In contrast, tenants who gave medium and low ratings on overall fairness tended to focus their frustrated comments on the mediator’s relationship with the landlord. One tenant said the mediator “may have been more partial to the landlord” because they “were familiar with one another”; another tenant said plainly that “they are there to mostly help the landlord.” One tenant felt frustrated that the mediator did not seem to believe what the tenant said at mediation, saying, “The mediator seemed to take what I had to say about the situation with a grain of salt.” Attorneys who rated the overall fairness at a medium or low level focused on efficiency, with one saying, “I was disappointed that the mediator allowed the opposing side to spend valuable time on issues irrelevant to the case.”

Likelihood to Recommend Eviction Mediation

To further explore participant satisfaction, we asked participants: “If a friend or colleague had a dispute like yours, how likely are you to recommend eviction mediation?” Most of the participants who responded were likely to recommend mediation to a friend or colleague, with 67% saying they were highly likely to recommend it. One tenant commented, “I would recommend all mediation options; sometimes tenants are unaware of the resources available due to lack of communication or shame.” However, another tenant who was less satisfied with the process commented, “It doesn’t help the tenant. At all. It helps landlords.”

As was the case with the first question on participant satisfaction, the landlord did not comment on their responses to this question, but we did receive two attorney comments. One attorney who was highly satisfied with the mediation process commented, “We made the exact same settlement offer that was accepted at mediation to the landlord’s attorney months ago, and they never responded in any way despite multiple phone calls. I assume this was on their client’s instructions. Because of the mediation process, I believe they would have continued stonewalling us.” The attorney who was unlikely to recommend mediation to a colleague said: “The lengthy mediation process is not helpful in my view. Before this system was implemented, and still now (in other counties), I am often able to reach agreements with the tenants within 5–10 minutes in the hallway outside the Courtroom. There is no need for the mediator, in my opinion.”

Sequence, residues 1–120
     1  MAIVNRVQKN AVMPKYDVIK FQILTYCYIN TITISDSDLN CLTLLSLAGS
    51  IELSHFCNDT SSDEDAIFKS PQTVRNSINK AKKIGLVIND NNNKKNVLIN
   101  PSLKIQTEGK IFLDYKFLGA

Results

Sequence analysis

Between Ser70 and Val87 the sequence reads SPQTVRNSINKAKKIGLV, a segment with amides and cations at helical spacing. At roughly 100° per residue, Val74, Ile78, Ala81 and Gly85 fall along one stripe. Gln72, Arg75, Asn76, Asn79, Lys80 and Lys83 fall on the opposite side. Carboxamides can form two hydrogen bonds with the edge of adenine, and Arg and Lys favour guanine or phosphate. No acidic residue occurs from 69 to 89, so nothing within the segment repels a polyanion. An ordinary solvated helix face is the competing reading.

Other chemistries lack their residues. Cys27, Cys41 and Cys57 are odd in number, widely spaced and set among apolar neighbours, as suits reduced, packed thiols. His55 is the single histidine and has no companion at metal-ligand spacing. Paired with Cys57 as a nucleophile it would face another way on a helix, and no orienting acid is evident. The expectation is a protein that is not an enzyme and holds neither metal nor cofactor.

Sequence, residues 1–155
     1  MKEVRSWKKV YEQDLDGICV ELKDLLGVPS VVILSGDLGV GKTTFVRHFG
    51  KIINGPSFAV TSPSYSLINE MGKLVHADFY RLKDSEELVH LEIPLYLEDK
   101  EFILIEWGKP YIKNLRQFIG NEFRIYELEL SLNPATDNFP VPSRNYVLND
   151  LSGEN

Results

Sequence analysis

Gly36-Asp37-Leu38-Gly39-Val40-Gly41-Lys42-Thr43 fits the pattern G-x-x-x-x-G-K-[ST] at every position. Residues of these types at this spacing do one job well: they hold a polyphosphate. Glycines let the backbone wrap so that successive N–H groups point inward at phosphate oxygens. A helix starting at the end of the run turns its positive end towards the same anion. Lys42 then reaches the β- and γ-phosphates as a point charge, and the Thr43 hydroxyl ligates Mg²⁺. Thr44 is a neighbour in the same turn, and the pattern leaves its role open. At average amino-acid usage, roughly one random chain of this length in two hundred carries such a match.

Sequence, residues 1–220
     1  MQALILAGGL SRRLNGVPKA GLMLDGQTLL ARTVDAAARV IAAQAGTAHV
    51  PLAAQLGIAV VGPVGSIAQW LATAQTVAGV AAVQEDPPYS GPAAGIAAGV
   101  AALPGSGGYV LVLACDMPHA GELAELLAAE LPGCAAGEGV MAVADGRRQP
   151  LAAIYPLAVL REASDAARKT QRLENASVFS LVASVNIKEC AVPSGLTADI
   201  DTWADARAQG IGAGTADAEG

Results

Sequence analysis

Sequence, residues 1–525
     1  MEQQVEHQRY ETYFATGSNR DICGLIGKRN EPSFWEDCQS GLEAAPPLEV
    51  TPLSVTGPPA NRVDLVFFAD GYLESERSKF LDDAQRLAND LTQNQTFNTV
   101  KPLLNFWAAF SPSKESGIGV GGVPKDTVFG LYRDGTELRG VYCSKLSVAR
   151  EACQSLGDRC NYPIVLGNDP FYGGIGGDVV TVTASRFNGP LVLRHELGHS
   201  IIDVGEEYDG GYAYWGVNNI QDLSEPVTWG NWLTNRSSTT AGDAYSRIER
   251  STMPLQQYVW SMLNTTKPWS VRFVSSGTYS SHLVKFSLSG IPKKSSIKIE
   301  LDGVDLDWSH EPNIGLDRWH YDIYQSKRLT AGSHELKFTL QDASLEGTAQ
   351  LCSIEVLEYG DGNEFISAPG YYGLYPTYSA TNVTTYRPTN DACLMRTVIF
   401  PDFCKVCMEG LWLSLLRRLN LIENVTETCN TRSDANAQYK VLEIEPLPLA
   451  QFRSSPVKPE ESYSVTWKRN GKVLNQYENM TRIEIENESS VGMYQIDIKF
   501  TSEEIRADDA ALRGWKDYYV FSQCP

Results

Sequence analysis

Conclusion

In conclusion, the survey responses indicate that the program continues to provide a positive experience to most participants. Those who completed the survey generally had positive perceptions of the mediators and the program, with the majority giving high ratings on fairness, trust and satisfaction. However, some participants’ comments point to a perception among tenants that mediators are biased toward the other side and a perception among attorneys that the mediation process is not efficient.

RSI Report Examines N.H. Eviction Mediation Program: Agreement Numbers Hold, but More Tenants Move Out After Rental Support Ends

Jasmine Henry, December 13th, 2023